Presentation on theme: "CARE AFTER DELIVERY: OBSERVATION OF NEWBORNS IN THE FIRST FEW HOURS OF LIFE Alexandra Wallace On behalf of the Neonatal Encephalopathy Working Group June."— Presentation transcript:
CARE AFTER DELIVERY: OBSERVATION OF NEWBORNS IN THE FIRST FEW HOURS OF LIFE Alexandra Wallace On behalf of the Neonatal Encephalopathy Working Group June 2012
Background – Normal Newborns Most term newborns adapt rapidly to life ex utero and require no resuscitation Early skin to skin contact and initiation of breastfeeding are integral to obstetric and neonatal best practice 1 Step 4 in the 10 steps of the BFHI policy 2,3 1. Moore, E. R. et al. Cochrane database of systematic reviews(2): CD003519. (2009) 2. World Health Organization/UNICEF: Ten Steps to Promote Successful Breastfeeding (1989). 3. Saadeh, R. and J. Akre (1996). Birth (1996).
Background – when things go wrong…. Some newborns require assistance to initiate or maintain normal cardiorespiratory function following delivery Problems may be apparent immediately after delivery or develop in the first few hours of life May be expected or unexpected Therefore….. Normal cardiorespiratory function cannot be assumed All newborns require assessment: at birth intermittently over the first few hours of life
Potential Newborn Problems Failure to adapt to ex utero environment Birth asphyxia Meconium aspiration Birth trauma Sepsis Congenital heart disease Other congenital anomalies Newborn vulnerability Thermoregulation Glucose homeostasis Immature respiratory control
Potential Maternal Factors Fatigue Pain +/- immobility Ongoing interventions or management of obstetric problems Effects of medication Body habitus
Example: Compounding Maternal and Newborn Factors 1 Primigravida, increased BMI Long labour, normal delivery Big baby but well, no resuscitation required Skin to skin soon after delivery with attempts to latch At 2 hours of age – Mum sleeping Baby prone on Mum’s chest, apnoeic, blue, cold Required resuscitation, ventilation, inotropic support Developed severe hypoxic-ischaemic encephalopathy and died at 15 days of age 1. Andres et al. Pediatrics, 2011.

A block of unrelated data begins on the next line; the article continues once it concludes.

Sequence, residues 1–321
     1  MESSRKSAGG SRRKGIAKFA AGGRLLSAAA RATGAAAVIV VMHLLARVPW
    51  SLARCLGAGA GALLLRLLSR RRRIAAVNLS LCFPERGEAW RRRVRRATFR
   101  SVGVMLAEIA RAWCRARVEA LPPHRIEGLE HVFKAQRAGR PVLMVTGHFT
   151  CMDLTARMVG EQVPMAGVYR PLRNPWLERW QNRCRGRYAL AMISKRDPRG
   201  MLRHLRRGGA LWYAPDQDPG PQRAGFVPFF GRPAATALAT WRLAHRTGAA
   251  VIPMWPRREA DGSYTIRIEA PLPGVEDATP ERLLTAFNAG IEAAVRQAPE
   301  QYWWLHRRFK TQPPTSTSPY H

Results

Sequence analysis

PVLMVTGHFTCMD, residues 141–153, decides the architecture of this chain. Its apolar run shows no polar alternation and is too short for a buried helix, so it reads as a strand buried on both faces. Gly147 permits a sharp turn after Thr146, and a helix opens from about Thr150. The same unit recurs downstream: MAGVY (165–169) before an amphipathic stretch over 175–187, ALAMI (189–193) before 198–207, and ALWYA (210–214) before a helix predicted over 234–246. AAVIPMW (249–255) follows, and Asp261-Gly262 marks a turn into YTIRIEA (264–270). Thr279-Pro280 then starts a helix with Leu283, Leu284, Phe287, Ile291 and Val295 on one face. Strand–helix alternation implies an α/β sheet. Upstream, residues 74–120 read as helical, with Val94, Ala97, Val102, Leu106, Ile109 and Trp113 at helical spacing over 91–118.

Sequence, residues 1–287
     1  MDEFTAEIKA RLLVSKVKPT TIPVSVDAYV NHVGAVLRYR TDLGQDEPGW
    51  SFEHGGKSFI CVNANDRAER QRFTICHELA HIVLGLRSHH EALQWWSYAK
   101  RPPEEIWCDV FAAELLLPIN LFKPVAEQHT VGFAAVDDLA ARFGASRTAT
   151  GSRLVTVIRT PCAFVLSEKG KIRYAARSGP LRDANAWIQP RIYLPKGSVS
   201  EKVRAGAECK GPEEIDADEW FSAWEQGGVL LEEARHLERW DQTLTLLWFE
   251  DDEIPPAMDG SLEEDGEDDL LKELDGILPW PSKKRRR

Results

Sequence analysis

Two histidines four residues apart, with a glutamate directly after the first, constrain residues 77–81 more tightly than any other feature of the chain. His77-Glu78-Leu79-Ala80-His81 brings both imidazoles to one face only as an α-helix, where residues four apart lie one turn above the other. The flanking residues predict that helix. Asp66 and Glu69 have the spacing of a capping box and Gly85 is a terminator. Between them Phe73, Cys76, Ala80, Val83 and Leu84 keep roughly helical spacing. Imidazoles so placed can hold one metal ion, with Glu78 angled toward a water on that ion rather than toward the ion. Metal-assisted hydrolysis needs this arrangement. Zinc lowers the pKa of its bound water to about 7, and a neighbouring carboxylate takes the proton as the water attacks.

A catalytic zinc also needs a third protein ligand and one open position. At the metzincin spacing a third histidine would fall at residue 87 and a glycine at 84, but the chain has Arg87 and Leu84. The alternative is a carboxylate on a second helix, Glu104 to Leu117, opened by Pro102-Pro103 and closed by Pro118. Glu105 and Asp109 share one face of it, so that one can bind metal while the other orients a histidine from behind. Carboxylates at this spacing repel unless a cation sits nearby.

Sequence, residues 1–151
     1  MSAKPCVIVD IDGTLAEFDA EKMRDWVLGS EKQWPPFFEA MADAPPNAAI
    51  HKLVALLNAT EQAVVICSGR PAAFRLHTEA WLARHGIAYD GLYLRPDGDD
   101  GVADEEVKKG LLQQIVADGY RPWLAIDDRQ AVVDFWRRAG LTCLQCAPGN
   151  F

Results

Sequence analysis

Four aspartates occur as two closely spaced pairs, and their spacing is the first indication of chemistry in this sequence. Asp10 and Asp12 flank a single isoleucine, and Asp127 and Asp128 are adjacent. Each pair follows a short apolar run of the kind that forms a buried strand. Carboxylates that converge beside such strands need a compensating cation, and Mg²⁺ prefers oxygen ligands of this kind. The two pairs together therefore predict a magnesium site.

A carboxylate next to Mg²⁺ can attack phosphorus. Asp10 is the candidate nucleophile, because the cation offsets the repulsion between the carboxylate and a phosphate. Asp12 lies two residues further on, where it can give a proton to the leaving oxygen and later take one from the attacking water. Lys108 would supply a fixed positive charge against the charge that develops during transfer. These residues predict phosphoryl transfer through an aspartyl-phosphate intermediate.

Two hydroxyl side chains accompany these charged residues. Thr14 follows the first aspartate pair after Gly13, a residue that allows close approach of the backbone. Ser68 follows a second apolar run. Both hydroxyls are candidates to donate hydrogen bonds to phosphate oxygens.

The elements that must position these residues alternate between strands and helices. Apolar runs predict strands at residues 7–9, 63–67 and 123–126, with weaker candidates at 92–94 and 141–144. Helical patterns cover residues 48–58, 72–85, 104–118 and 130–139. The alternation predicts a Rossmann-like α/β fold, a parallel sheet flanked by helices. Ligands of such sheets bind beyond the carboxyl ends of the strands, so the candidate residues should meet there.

SUDI vs SUPC vs SUEND SUDI: Sudden Unexpected Death in Infancy Clinically unexpected deaths in infants less than 12 months of age SUPC: Sudden Unexpected Postnatal Collapse Clinically unexpected collapse in apparently healthy term infants in the first hours of life SUEND: Sudden Unexpected Early Neonatal Death Does not include babies who collapse but do not die
SUPC Statistics 1,2 Incidence varies from 2.6 to 5 per 100,000 live births Death results in up to 50% of cases Over half of the events occur in 1 st 2 hours of life Identifiable cause found in up to 30% of cases Remainder due to accidental airway obstruction 3 commonly identified risk factors: Primiparous mother Skin-to-skin in prone position with mouth and nose occluded Mother and baby unattended by clinical staff 1. Becher, J-C et al Archives of Diseases in Childhood Fetal Neonatal Ed, 2012. 2. Fleming, PJ. Archives of Diseases in Childhood Fetal Neonatal Ed, 2012.
What is Required? Awareness of the issues What can go wrong? Newborn and maternal factors that increase risk Development of recommendations for observation of the WELL newborn that: Do NOT impinge on initiation of skin to skin contact and breastfeeding DO keep babies safe by identifying unexpected problems
DHB Survey 18 responses from 21 DHBs Of the 18 that responded: 2 have specific policy on observation of the newborn Variety of other policies submitted including: Examination of the newborn Early discharge Breastfeeding Hypoglycaemia guidelines Care of low birth weight babies Treatment of narcotic depression Safe sleeping/SUDI prevention
Mother and Baby Observations in the Immediate Postnatal Period: Consensus Statements Guiding Practice 1.Active assessment for ALL babies in the early postnatal period, regardless of birth context 2.Minimum assessment time of 1 hour Longer if increased risk 3.Early skin-to-skin contact and breast feeding is facilitated and supervised Monitoring of colour, tone, respiration ongoing Ensure nose and mouth are not occluded 4.Family/Whanau may be involved in process Must know what to check for and who to call for help
Newborn Observations Colour Heart rate Respiratory rate Temperature Airway patency Tone and activity Ability to feed Overall condition Any concerns require referral for Paediatric review
Summary Well newborns usually remain well A few newborns develop problems soon after birth All apparently well newborns require observation in the 1 st few hours of life This can be done without compromising early initiation of skin to skin contact and breast feeding Health care providers must: Be aware of the problems a newborn may encounter Understand the observations required Know what to do if a newborn becomes unwell